Israel has proven rights to NIS 20.3 billion in oil and gas revenues, states the accountant general at the Finance Ministry in the government’s financial report for 2011. This is the first time that the financial report includes an estimate of the state’s rights to oil and gas discoveries.

The accountant general’s estimate is based on proven oil and gas discoveries, ie. 250b. cubic meters (BCM) of gas at Tamar in 2013-40, 3.5 BCM at Yam Tethys in 2012-13, and 1.2 BCM at Noa in 2012. The accountant general estimates the government’s take at NIS 5.4b. from 12.5 percent royalties on revenue, plus a net NIS 2.3b. from the companies tax, and NIS 12.6b. from taxes on profits (the Sheshinski law).

Since Leviathan is not yet defined as a discovery, it is not counted as an asset in the state’s accounts.

The state also has NIS 4.5b. in royalties rights for potash, NIS 1.25b. from sand and gravel quarries, and NIS 270 million from phosphates.

For the first time, the government’s financial report includes an assessment of state land. The 16,000 dunam (4,000 acres) of state land is valued at NIS 303.7b. A quarter of this land is occupied, and assessed at NIS 13b. Most of the valuation is for farmland, which is assessed at NIS 5.4b.

Most available land (12m. dunam or 3 m. acres) is valued at NIS 290m., including 82,000 dunam (20,500 acres) zoned for residences, which is valued at NIS 115b. Most land in Israel (11.8m. dunam or 2.95m. acres) is farmland or open space, and is available.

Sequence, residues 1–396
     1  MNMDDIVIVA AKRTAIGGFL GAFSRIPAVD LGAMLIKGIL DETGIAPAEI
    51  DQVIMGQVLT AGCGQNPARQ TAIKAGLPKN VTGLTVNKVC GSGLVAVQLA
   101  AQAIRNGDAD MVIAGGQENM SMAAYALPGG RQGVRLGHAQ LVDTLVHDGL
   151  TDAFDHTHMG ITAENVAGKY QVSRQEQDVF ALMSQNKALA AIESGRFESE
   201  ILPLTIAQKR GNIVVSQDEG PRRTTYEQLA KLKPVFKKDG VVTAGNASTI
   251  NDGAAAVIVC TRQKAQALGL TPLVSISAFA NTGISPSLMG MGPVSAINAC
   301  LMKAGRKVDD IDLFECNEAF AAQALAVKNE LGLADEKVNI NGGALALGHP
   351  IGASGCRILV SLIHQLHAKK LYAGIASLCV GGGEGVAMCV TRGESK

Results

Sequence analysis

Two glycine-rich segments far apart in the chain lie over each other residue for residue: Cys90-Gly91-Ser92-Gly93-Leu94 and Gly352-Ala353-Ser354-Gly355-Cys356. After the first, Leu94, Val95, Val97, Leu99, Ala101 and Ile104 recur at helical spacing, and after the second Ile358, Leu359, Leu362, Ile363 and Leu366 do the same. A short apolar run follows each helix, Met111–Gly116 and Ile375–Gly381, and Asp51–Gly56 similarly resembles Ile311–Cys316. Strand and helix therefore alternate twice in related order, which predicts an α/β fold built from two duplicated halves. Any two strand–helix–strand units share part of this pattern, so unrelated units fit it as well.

The profit and loss statement says that the government has NIS 366b. in assets and NIS 1.77b. in liabilities (200% of GDP). The liabilities grew by NIS 120b. in 2011. The Finance Ministry says that the level of liabilities is low compared with European countries.

Most government revenues in 2011 were from taxes (NIS 232b.), and its largest expenditure is on salaries (NIS 110 b.), although this item shrank by 21% compared with 2010. In terms of use, 45% of government spending is on defense and National Insurance payments. In terms of liabilities, 70% are loans (NIS 700b.) and pensions (NIS 569b.), half of which are for defense establishment employees.

Israel’s citizens owed the Tax Authority NIS 21.5b. in 2011, 10% of tax collections, up from NIS 20.5b. in 2010. The Finance Ministry said, however, that these were not bad debts, but debts in process. Bad debts totaled NIS 62b. in 2011, including NIS 54.2b. owed to the Tax Authority; NIS 3b. to the Israel Land Authority; and NIS 2b. to the Ministry of Industry, Trade and Labor.

On the basis of these figures, were the government to collect half of the bad debts, it could cover the expected budget deficit for 2012.

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